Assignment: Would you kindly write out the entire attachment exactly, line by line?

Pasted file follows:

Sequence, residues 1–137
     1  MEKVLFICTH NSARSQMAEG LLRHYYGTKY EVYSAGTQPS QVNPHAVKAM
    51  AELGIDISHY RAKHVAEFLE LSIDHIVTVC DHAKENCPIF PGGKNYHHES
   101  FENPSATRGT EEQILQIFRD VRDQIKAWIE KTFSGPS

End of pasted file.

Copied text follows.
Sequence, residues 1–137
     1  MEKVLFICTH NSARSQMAEG LLRHYYGTKY EVYSAGTQPS QVNPHAVKAM
    51  AELGIDISHY RAKHVAEFLE LSIDHIVTVC DHAKENCPIF PGGKNYHHES
   101  FENPSATRGT EEQILQIFRD VRDQIKAWIE KTFSGPS